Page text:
Time for a sunset cruise
  |  First Published: July 2008

Winter is a great time to be out on the water. Many spots are boat-free, giving you the best chance to bag a few.

Sport take up a lot of weekend mornings for a lot of people who don’t have much time left but at this time of year I have found afternoons quite good. Those cool westerly winds can often ease up in the evenings, making the weather just right to be out on the Bay or offshore until dark or even into the night.

Let’s look at a few tactics if you are fishing from, say, 1pm until 8pm with high water around 7pm.

Of course, for a start you’d be mad to be out on such a busy waterway fishing into darkness without a fully functional set of navigation lights, extra torches and plenty of warm clothes on board.

First I would hunt trevally, which they will bite all day and on most tides and there are not too many days on Botany Bay when you won’t find a few trevally. Deep water is the key and spots like the Drums, the Oil Wharf, Watts Reef, Bare Island and Trevally Alley are my pick but I have caught them all over the Bay.

You’ll need berley, light line and very little lead – just allow your bait to drift along with the trail. Trevally are great little fighters on light tackle and pretty good on the plate.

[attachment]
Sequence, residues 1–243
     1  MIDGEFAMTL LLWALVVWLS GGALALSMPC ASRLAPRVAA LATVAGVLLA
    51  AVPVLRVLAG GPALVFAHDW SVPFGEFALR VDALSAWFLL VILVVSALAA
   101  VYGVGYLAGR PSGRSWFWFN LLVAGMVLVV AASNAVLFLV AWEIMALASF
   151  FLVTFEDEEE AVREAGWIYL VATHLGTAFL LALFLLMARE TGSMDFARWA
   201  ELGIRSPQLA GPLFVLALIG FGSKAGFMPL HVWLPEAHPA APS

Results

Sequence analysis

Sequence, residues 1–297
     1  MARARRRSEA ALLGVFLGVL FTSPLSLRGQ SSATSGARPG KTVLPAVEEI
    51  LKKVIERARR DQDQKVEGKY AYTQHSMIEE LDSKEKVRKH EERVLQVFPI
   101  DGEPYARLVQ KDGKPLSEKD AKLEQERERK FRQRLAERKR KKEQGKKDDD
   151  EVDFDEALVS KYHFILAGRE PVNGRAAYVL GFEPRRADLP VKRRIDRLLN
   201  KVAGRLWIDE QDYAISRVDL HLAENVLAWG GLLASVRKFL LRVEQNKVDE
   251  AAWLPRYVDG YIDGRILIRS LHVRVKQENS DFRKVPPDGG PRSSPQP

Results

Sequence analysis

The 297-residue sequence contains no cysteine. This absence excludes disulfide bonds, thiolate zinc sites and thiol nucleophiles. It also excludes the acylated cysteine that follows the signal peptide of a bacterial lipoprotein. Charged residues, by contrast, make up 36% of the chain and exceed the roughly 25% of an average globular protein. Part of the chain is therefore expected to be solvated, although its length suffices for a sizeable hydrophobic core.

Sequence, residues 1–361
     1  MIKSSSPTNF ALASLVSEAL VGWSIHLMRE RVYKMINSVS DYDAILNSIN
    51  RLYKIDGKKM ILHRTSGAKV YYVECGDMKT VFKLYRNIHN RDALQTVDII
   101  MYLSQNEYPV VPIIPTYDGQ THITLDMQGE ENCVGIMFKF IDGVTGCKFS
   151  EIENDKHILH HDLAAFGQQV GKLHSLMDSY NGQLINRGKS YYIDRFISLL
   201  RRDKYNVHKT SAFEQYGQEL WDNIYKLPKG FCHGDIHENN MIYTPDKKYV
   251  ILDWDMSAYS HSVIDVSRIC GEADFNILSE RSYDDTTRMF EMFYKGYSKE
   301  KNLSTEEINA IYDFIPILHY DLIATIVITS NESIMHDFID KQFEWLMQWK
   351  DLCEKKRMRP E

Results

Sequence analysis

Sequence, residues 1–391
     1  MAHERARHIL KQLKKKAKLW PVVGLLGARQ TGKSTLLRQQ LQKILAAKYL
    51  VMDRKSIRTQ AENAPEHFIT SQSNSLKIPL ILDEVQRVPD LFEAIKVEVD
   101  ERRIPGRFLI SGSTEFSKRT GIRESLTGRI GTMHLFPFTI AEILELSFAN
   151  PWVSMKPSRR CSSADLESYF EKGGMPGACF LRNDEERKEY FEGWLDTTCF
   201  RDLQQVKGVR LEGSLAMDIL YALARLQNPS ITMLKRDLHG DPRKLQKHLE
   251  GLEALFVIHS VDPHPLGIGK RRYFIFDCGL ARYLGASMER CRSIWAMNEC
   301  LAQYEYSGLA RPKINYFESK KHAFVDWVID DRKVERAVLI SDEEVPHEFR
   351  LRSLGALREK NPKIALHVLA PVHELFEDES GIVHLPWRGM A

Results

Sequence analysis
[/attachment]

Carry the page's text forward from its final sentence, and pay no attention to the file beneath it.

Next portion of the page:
Once the lights come on, I would try for a few tailor around the Oil Wharf. Tailor move in to feed on the bait schools that call this area home.

The best method for tailor at this spot is to berley with finely chopped pilchards and then use a whole pilchard on ganged 4/0 4200 Mustad hooks.

You can also use a large bobby cork with a small cyalume stick and float your bait towards the wharf. Hang the bait about 2m under the float.


Then you could head for the shallow bream grounds to fish the top of the tide. The Bream move into these areas to feed as the water rises over the flats. Most spots are only around 1m deep so ensure you don’t linger too long after the tide change or you will be left high and dry.

Anchoring fore and aft works the best to stop you drifting around and spooking the feeding fish as they move into the shallows. Nippers, chook gut, bloodworms, mullet strips and striped tuna will all work, just cast out and leave the bait to roll around on the bottom.

I find a good handful of chicken pellets is all you need as berley. Drop a handful every now and again but not too much, you just need to draw the feeding fish over to your bait and keep them keen. Remember to keep all noise low because these fish will just leave the flat you are on and move to the next one to feed if they’re spooked.

You can also encounter some outstanding whiting, far better than you would catch in the day.

Offshore, head to the snapper grounds and try drifting with pilchards and squid down deep.

Salmon are along the coast, you just need to find them.

In flat conditions, head wide and look for kingies around The Peak, where live baits or jigging will bring results.

So who said you haven’t got time to head out for a fish? Just do the sport in the mornings and fish the tides that suit in the afternoons.

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